In “Rafiki,” the Kenyan actress Samantha Mugatsia delivers a quietly watchful performance as Kena, a Nairobi teenager on the verge of falling in love for the first time.
Slender and taciturn, Kena has the lanky ease of a tomboy, whether she’s playing soccer with her cadre of male friends or riding her skateboard through her close-knit neighborhood. When she spies Ziki (Sheila Munyiva) across from a street kiosk, she’s immediately intrigued. With her flirty dresses and hair artfully twisted into cotton candy-colored locks, the playful, carefree Ziki beckons Kena, less with outright seduction than the promise of sweet relief from her own far more serious existence.
Adapted from a story by Monica Arac de Nyeko by director Wanuri Kahiu and co-writer Jenna Bass, “Rafiki” was banned in Kenya, where homosexuality is illegal. Kahiu makes a bold stand for tolerance in the film, wherein Kena and Ziki’s relationship blossoms despite sexism, family expectations, malicious gossip, the homophobia of the Christian church and, in the film’s most upsetting scene, an act of vicious cruelty and violence. Whereas some of these confrontations feel immediate and spontaneous, others feel more schematic and awkwardly staged by Kahiu, who makes her second feature film here.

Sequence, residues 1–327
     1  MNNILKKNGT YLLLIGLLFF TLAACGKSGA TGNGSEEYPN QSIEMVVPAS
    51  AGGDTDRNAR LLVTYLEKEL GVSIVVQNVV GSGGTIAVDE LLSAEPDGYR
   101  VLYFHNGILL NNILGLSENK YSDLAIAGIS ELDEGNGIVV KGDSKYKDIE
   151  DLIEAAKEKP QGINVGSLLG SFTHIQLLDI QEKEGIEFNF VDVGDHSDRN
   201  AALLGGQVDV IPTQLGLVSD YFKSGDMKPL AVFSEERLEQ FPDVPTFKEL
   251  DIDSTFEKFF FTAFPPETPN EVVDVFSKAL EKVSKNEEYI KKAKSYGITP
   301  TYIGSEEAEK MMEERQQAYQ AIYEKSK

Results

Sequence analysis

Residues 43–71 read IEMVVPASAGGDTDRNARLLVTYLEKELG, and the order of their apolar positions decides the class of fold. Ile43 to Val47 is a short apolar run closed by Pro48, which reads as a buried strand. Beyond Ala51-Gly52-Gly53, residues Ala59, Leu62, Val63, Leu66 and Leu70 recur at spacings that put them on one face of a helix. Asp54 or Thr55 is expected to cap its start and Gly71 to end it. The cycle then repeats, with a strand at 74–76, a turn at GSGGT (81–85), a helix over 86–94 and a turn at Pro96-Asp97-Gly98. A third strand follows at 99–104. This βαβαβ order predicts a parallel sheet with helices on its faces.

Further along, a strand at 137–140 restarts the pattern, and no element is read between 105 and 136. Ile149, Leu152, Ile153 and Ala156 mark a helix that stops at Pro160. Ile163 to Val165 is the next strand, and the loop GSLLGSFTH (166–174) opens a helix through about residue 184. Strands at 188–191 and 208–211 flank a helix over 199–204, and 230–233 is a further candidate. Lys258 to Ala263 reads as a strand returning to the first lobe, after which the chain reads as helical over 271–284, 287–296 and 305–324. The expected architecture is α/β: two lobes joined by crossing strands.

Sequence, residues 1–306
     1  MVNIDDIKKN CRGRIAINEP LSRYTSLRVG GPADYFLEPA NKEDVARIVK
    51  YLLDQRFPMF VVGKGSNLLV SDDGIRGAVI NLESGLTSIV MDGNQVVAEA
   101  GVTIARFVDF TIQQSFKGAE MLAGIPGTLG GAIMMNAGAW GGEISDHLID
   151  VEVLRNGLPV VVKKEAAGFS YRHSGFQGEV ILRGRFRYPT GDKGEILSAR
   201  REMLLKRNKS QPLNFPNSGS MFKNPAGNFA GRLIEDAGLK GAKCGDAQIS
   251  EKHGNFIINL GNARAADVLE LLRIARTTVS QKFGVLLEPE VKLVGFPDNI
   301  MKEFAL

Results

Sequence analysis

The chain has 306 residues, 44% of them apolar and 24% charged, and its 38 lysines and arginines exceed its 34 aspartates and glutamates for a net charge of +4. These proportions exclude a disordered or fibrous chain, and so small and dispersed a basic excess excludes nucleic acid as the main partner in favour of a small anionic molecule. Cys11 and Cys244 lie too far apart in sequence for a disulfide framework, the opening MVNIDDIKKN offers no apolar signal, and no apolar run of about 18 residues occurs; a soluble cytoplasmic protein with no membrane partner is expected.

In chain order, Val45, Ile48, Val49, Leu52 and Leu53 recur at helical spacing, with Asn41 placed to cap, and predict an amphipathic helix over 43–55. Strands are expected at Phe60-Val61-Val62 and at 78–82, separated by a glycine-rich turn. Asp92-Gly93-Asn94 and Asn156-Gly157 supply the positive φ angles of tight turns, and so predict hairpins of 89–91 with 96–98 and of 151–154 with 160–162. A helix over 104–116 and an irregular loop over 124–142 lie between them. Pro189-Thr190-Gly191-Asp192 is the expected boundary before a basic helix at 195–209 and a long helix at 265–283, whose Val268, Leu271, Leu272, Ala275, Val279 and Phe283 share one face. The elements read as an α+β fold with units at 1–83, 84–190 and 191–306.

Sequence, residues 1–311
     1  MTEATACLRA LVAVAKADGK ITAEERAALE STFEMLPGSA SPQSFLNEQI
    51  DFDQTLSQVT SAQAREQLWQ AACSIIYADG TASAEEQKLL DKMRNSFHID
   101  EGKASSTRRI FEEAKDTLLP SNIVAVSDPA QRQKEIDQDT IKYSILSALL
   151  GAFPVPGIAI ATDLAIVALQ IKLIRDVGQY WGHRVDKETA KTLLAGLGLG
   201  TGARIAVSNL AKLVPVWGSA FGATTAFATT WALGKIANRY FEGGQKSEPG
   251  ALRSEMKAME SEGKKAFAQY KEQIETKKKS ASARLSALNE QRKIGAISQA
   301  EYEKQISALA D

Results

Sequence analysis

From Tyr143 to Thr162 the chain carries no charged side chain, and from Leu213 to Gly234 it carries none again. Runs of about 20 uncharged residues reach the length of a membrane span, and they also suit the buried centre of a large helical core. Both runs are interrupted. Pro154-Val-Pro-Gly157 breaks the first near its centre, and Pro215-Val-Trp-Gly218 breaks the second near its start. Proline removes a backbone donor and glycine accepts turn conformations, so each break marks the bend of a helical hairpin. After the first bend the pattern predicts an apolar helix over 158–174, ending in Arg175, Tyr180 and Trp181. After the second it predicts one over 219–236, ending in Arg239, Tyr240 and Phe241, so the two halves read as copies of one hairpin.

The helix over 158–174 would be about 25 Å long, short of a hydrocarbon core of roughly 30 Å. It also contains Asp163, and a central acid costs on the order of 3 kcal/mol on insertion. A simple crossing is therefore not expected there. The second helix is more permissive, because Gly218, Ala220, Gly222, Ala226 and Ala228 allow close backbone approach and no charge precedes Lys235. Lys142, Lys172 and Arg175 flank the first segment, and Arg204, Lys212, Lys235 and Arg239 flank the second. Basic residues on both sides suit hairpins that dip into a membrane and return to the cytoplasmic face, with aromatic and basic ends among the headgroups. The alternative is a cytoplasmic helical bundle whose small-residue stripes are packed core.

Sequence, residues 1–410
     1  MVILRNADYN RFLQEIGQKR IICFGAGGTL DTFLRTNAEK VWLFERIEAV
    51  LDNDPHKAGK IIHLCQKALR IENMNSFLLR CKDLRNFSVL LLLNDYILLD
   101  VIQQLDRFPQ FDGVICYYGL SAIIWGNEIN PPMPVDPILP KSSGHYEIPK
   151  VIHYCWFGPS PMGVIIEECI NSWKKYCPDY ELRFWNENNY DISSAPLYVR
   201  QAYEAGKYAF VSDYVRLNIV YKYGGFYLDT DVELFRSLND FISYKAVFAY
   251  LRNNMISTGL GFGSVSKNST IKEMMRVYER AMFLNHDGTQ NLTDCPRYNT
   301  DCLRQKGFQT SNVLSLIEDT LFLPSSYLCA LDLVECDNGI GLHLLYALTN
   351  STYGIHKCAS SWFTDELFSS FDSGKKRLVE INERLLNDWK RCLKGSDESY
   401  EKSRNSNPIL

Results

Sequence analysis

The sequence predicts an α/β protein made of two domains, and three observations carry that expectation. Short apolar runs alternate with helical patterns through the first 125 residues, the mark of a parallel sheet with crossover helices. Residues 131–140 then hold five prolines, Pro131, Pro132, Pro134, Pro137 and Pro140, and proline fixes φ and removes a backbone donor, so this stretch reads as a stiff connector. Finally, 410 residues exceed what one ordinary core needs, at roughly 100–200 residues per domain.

Still, the attractions of “Rafiki” far outweigh its sometimes painfully obvious narrative. Mugatsia and Munyiva have an endearing, unforced chemistry (the scene where they get to know one another is particularly delicate), and Kahiu films them against a glorious backdrop of Nairobi’s streetscape, club life and domestic interiors – a vibrant, multilayered collage of light, color, texture and motion. As an example of the filmmaker’s house style – which she calls “Afrobubblegum” – “Rafiki” presents a radiant, vivacious portrait of young love that owes as much to “Romeo and Juliet” as “Bend It Like Beckham” and “Moonlight.”
Although Kahiu is sharply critical of the hypocrisies of Kenyan culture, she is just as attuned to the sweetness of romance at its most instinctive, tender and fragile. For its formal simplicity and directness, “Rafiki” is a small revelation, not least because it marks the breakthrough of a filmmaker of such exhilarating, cheerfully courageous vision.
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